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Newton County was first inhabited by the Creek Indians until 1813 when Governor Thorp negotiated a treaty in which the Creeks gave up their claim to the land. The yielding of Indian lands and the state Land Lotteries of 1805, 1807, 1820 and 1821 were very important in forming Newton County. The Creek Nation ceded the land distribution to the United States in a treaty held November 14, 1805; this resulted in the 1807 land lottery. The last of the Creek Indians were banished to Oklahoma over the "Trail of Tears" after a decade.

The first white settlers set their sites on the Eastern part of Newton County. They named the town Winton. Lack of adequate water caused the settlers to move further west and establish Newtonsboro. A settlement known as Brick House caused the land to briefly serve as the county seat of Newton County. However, the inferior court selected the new community of Newtonsborough as county seat. Shortly after, the town’s named changed to Covington after General Leonard Covington, a hero in the war of 1812. On December 24, 1821, by the act of the General Assembly Newton County was formed from Jasper, Walton and Henry Counties. The named derived from John Newton a U.S. Army officer who had served at Fort Recovery in southwest Georgia in 1794 and was killed during the War of 1812.

Newton County area attracted settlers with its abundance of resources, namely timber for construction, good soil for cultivation and three major rivers to power industry and support agriculture. Agriculture was the chief form of economic development in Newton County until recently. Products included grains, vegetables, cotton, timber, dairy and livestock. A group of County Leaders organized the railroad in 1836, to encourage future prosperity through transportation of goods and people. To support the growth of the community the Methodist Church founded Emory College and then the City of Oxford in 1838. Union soldiers rode into Newton County in July 1864 to destroy railroad and wagon bridges over the Yellow and Alcovy (then called the Ulcofachachee) Rivers. General Sherman and his army rode through Covington on November 18-19, 1864.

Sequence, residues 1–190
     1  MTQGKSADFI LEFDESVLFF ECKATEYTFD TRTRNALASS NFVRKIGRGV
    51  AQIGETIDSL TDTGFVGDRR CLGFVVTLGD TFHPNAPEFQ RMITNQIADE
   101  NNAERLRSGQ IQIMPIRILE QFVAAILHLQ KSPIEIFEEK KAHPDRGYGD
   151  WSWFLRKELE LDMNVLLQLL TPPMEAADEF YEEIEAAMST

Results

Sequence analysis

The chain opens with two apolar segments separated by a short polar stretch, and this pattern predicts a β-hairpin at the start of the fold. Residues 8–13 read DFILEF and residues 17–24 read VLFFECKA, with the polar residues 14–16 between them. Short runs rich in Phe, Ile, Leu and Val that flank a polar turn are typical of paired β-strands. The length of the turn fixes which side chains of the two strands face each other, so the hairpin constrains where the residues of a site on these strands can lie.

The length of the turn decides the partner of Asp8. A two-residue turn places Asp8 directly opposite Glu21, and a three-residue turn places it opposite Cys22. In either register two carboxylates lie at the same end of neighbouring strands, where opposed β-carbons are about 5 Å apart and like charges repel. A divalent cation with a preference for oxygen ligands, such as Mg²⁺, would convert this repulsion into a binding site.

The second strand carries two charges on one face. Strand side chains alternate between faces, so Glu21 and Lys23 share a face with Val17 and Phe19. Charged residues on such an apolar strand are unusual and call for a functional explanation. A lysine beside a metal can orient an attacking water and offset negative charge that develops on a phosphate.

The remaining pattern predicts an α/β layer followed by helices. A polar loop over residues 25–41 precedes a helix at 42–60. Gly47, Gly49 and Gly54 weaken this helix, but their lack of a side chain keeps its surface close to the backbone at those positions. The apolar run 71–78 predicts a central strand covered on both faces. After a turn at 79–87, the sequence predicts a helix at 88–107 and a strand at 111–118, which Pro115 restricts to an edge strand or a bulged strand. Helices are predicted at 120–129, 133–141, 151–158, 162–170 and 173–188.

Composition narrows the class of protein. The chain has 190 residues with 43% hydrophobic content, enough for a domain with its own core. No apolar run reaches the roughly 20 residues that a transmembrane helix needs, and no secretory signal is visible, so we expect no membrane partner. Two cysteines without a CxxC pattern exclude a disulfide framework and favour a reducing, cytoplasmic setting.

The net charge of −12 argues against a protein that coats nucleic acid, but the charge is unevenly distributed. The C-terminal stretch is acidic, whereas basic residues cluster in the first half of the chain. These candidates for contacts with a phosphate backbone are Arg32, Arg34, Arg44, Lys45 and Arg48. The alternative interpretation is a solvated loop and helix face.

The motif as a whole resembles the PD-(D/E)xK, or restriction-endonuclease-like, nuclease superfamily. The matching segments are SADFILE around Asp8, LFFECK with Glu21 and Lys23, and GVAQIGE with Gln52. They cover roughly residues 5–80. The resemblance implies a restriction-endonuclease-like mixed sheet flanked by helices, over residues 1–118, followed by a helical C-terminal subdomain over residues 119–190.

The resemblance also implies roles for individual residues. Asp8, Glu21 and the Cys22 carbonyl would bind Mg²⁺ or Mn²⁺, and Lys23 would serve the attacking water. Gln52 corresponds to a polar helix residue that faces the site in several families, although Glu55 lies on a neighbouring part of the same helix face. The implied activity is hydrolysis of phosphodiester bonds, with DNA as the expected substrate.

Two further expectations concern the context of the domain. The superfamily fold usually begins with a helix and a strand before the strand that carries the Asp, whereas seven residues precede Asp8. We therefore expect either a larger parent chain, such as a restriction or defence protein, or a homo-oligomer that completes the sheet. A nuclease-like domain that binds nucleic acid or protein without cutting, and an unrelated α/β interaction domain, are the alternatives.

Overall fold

Public Education was not was not viewed as a responsibility of the government. As a result public education in Newton County or in Georgia was not available until the 1870s. In 1912, there were 26 schools for whites with 1,890 pupils and 27 schools for blacks with 1,492 pupils. The state only provided support through 7 grades. Therefore, a high school was not available. The school systems joined in 1947. Completion of a rail line from Gordon to Covington encouraged a group of businessmen to found Mansfield in 1903.

Today, Newton County is governed by an elected Board of Commissioners consisting of a full-time Chairman who is elected “at large” and five District Commissioners. Newton County has five municipalities consisting of Covington, which is the County Seat, Mansfield, Oxford, Porterdale and Newborn. All of the cities have their own Mayors and City Councils.



 

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